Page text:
Molestation/sassi-3 test and sex addiction
we are engaged in a legal battle with my daughter's ex-boyfriend,who we believe to be a sex addict and a child molester. He attempted to obtain joint custody of my granddaughter, who is not his biological child.H e was given the Sassi=3 test by the custodial evaluator and failed miserably (scored 11) He has very little history of substance use, much less abuse. Could the test results indicate the possibility of sex addiction?
Steve, first I need to tell you that I am not a Doctor, PHD, Psychologist or an otherwise licensed therapist. I don't use test scores to determine a person's potential addition potentials and I was not fully aware of this particular test and how it could be applied outside the parameters of substance abuse testing. This is "beyond my scope, unfortunately"
There is a lot of info about the tests on-line http://www.sassi.com/services/faqs.html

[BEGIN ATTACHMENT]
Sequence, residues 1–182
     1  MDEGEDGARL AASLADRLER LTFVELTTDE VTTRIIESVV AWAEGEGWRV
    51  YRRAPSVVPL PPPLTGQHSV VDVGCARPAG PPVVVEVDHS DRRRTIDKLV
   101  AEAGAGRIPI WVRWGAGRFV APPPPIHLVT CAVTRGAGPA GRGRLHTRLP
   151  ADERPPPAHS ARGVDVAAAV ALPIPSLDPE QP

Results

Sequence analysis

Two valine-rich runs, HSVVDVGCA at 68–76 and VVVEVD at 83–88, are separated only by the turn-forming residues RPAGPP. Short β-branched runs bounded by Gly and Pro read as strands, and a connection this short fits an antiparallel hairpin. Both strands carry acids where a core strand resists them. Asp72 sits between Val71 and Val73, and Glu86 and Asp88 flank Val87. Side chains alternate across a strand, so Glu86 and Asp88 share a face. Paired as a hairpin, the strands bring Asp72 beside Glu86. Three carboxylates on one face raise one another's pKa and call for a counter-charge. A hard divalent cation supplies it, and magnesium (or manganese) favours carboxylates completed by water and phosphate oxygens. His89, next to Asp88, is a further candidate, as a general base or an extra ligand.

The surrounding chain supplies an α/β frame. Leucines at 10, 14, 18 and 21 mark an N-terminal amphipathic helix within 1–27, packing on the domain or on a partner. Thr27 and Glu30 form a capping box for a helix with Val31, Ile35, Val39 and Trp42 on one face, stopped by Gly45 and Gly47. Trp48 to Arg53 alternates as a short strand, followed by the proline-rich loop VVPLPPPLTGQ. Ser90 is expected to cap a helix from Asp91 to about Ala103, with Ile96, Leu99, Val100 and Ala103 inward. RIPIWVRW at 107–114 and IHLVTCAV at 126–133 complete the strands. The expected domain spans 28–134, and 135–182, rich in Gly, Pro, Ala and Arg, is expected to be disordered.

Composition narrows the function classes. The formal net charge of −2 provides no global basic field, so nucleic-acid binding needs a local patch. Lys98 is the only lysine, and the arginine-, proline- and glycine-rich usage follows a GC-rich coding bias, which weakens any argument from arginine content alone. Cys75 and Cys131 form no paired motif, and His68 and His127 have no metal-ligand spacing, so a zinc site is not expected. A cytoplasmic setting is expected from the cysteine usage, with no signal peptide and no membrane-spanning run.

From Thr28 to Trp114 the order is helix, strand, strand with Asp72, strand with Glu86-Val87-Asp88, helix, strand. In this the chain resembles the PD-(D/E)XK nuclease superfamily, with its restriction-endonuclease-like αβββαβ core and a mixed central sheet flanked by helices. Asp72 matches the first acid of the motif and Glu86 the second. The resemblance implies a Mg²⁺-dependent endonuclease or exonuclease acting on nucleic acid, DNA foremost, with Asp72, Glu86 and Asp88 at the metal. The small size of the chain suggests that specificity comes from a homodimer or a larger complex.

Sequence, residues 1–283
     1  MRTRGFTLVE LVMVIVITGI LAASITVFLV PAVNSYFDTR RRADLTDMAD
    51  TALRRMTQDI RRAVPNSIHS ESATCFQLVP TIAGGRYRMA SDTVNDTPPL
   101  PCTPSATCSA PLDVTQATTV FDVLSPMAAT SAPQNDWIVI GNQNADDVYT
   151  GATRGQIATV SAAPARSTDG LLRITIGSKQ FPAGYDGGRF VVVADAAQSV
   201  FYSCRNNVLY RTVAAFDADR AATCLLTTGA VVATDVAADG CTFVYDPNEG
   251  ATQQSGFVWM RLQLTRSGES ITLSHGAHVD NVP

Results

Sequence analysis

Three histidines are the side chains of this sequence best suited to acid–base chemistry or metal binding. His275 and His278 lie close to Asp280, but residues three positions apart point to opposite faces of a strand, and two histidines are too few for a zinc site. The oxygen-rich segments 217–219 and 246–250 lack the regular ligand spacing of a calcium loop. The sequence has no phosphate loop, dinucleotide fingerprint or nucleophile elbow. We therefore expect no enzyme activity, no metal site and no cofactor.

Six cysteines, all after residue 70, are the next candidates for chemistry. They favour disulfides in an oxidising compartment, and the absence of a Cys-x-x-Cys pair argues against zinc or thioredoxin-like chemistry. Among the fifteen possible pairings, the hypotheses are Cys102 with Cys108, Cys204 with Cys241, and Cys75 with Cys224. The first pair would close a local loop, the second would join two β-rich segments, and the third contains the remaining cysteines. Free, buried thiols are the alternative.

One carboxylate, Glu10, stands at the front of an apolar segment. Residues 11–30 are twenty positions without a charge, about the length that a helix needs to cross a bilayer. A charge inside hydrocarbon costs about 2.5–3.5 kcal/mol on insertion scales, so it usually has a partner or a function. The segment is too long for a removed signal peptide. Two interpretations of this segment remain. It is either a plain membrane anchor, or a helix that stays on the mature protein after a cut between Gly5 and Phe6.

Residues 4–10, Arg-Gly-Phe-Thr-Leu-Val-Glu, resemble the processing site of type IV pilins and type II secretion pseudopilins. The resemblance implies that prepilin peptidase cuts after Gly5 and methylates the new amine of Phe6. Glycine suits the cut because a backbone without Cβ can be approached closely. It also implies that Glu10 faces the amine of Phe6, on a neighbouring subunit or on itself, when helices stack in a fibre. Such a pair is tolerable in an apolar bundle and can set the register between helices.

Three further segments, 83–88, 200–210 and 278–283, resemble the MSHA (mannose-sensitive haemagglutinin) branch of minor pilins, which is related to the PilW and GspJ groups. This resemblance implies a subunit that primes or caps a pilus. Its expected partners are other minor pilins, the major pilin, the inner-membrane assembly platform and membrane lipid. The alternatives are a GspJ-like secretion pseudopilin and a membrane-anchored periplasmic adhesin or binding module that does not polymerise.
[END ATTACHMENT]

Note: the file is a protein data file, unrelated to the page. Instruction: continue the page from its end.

but from what I have briefly read, the test is more about substance abuse tendencies, but can include many other subtle tests of a person's personality traits.
It is hard to see how a non-biological boyfriend can make a substantial claim on someone else's child, but stranger things have happened in the world of law and lawyers. Of course, I can't know all the implications and history of the people involved to begin to make an assessment.
I would hope that CPS might be involved in this situation, where they may make their own determinations about the best welfare of a child. An experienced child abuse expert should be able to ascertain whether the child has been molested or is in danger of that happening.
Most obsessive/addicted personalities are often driven by unresolved trauma and use whatever is handy to help quell the desires. Many abused children grow up abusing children, when the become teens/adults.
I'm sorry that I can't make any direct comments in reference to your question here, but continue to research anything you can that might point to this man's latent sexual addiction tendencies and bring it up in court or through your lawyer.
Best wishes in your battle for this child's well-being.